Does Appetite Increase in the Cold?

Appetite has been found to be more likely to be triggered in cold temperatures. For example, during cold winter months, the average person has been found to gain 1-2 pounds (0.45-0.91 kg). The increased appetite is thought to be the result of colder temperatures signaling to the brain the need for heat, which causes the brain to send cues to the body to eat more food that can be turned into stored fat. Typically, these cues make people crave foods that are rich in carbohydrates, such as pasta or mashed potatoes, because the starches and sugars will warm up the body more quickly.

More about appetite:

  • One study found that people ate an average of 200 calories more each day after there began to be less daylight in the fall.

  • Foods that are high in fat and sugar have been found to cause the same reaction in the brain as morphine or heroin, but on a lesser scale.

  • Staring at the color often called "bubble gum pink" has been found to be effective in reducing appetite in some individuals, but it has not been conclusively proved. This is thought to be because the color has calming qualities that might reduce stress-related eating.
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Discussion Comments


Wow, I definitively feel much more hunger cravings in December. It seems to be a "balancing game" (with me.) If I can stay focused, keeping senses occupied ~ such as hands, eyes and mind, that helps to stop or diminish the sensation of needing to eat (more) food (than is necessary.)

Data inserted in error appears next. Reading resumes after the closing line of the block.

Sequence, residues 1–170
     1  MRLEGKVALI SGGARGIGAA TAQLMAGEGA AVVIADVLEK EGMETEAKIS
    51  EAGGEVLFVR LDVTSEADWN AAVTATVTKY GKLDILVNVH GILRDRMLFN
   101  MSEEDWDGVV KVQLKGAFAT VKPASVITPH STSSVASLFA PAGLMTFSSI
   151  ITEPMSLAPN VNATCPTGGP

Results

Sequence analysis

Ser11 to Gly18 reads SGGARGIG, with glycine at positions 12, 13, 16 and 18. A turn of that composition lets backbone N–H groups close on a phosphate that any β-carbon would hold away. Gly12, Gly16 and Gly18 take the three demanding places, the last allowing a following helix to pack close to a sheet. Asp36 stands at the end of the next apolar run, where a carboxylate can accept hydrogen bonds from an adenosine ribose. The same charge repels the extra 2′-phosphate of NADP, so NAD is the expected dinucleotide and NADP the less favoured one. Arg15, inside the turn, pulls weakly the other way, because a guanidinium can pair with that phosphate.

The urge to eat more in winter is definitely an evolutionary thing. But I'm wondering if it's a genetic tendency rather than something triggered by seasonal change. Because where I live right now, it's not cold in winter and I still eat more.


@feruze-- I definitely experience season based appetite change. I eat much more during fall and winter. In the summer, when it's very hot, I have no appetite and eat very little. I gain weight in winter and lose it when summer rolls in.

I also crave different foods in different seasons. I crave a lot of meat, potatoes and bread in the winter and lots of veggies, fruits and seafood in the summer.


I gain a few pounds every winter, but I always thought that it had to do with less activity. I'm not as active in winter as I am in the summer. Plus, in winter, we all wear thick clothes and lots of layers and we're not as conscious of our body as we are in the summertime.

I'm going to pay more attention to my appetite this winter. Maybe I do eat more in winter and don't realize it.

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